resizing rootfs to fit the disk
martin.langhoff at gmail.com
Thu Mar 4 16:14:23 EST 2010
[ some of these are repeats from the private discussion]
On Thu, Mar 4, 2010 at 2:06 PM, Chris Ball <cjb at laptop.org> wrote:
> I still like the flexibility here, but I suspect you're right that the
> support cost from doing a long resize at the first boot in front of a
> user (and having corruption result from a poweroff) will be too high.
>From a deployment-support point of view, *any* boot-time resize we do
must be complemented by a utility to resize the .zd image .
A deployment team knows what disk size they have (even if they have
miniSD disks from various vendors, they can find out the lowest common
denominator), and the advantage of skipping the resize step can be
important... specially if we don't do partitioning.
> > - several people think we should separate the base OS from
> > the user data, by giving /home a separate partition. how would
> I don't think we should add this feature into the mix yet
I don't like partitioning either --
- We don't have a good resize plan: LVM+ext3 resizes won't work
"online", so we'll have to do it from OFW or from the initramfs. And
LVM+ext3 resizes are fragile as hell, specially in the face of
- Will break systems when one partition is full, with little clarity
as to what's happening. For example, yum can consume a ton of
diskspace in /var/cache/yum to run an upgrade that leads to a
similar-sized OS footprint.
- Having a tight / breaks _both_ olpc-update and yum. It effectively
cuts all upgrade options except fs-update / nandblast.
- Our OSs are effectively "OS+Apps" -- and the "Activities" part of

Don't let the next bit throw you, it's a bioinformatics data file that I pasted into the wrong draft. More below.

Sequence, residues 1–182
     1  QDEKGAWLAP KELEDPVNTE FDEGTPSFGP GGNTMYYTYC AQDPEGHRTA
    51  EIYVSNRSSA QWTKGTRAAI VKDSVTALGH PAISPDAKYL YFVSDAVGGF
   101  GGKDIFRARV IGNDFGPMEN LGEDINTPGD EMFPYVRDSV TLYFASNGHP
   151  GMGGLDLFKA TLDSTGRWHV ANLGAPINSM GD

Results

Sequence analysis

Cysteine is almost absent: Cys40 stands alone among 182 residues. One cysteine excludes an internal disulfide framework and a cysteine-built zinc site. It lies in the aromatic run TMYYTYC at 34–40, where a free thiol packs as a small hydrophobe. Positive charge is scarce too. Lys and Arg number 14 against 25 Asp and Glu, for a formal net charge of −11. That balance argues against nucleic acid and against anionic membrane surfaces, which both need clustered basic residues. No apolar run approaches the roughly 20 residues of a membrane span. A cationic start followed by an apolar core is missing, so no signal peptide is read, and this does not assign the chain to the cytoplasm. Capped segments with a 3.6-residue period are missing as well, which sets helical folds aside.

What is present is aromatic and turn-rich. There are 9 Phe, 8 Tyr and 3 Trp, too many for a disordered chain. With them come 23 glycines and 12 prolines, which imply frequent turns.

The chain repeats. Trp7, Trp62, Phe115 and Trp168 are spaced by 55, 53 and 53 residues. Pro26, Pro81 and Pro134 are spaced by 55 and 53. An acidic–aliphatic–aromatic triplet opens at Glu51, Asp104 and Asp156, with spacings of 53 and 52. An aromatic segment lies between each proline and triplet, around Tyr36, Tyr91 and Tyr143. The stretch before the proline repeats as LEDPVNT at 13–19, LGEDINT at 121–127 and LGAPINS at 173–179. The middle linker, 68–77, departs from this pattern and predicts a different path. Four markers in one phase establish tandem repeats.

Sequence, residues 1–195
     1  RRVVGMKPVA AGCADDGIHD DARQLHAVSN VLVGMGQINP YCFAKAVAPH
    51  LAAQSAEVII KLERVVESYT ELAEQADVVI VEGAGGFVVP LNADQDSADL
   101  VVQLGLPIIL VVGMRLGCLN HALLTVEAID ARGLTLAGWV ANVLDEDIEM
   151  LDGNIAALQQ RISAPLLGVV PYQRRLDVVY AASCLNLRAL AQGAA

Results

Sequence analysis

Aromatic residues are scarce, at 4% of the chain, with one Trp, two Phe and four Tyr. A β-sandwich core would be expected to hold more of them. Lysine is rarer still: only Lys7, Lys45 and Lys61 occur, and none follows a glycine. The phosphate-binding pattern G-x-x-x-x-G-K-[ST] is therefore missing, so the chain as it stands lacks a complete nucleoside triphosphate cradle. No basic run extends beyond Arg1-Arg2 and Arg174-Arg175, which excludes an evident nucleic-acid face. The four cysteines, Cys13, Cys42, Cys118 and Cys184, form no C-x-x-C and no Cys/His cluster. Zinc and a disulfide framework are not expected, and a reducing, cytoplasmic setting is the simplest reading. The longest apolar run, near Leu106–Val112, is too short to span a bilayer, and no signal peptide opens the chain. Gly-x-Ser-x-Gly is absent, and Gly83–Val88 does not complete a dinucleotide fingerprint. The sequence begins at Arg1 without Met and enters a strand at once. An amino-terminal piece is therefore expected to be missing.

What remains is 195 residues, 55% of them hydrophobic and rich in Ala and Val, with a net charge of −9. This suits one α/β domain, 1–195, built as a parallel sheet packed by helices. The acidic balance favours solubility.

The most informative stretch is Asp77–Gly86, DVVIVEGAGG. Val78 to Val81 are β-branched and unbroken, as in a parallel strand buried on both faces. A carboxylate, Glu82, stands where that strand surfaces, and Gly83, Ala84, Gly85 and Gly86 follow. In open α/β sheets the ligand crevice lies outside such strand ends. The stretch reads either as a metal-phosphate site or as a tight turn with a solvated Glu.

it lands in /home, so the desired "protect /home/ when upgrading via
fs-updatte / nandblast" isn't actually achieved. Or will at least need
extra elbow grease and storage in / (and some bundles can be huge -
- makes "first-boot resize" super fast and resilient -- because it
becomes "firstboot mkfs /home"
- it could protect /home during upgrades if... am... lots of other
things were solved :-) -- _if they can be solved so that they work
with a tight / partition_.
In summary, I suspect the main desired benefit of a partitioned /home
is too hard to reach.
> > - we could put resize-at-boot code in place (with or without
> > a splash screen), and ship multiple, somewhat undersized images.
> > - we could make the resizing a manual step, from the control
> > panel or elsewhere. we sort of need a simple disk management
> > screen anyway.
Valid ideas. I think it would be smart to separate our use cases --
- Medium-to-large deployments -- give them the ability to make
nearly-right-sized images easily, so nandblasting and usb-based
reflashing don't require a slow & brittle resize-on-first-boot.
- Small deployments, developers, testers, enthusiasts, demo machines
-- can handle slightly undersized images without ever worrying about
it. For them, provide a commandline (`touch /resizeme`?) that on boot
triggers the "on-boot-resize" codepath -- to be used by advanced
enthusiasts/testers and smallish deployments (that often have some
geek wisdom but aren't hardcore enough to make their own OS images).
For completeness, an undercurrent here is "mid/large deployments must
have an XS performing backup of the Journal data". Yes they should,
I'll add my signature to the petition!
But fs-update-and-restore-your-journal-data can't be the only way to
upgrade your XOs. Removing options (yum, olpc-update) won't be popular
with people in the field.
martin.langhoff at gmail.com
martin at laptop.org -- School Server Architect
- ask interesting questions
- don't get distracted with shiny stuff - working code first
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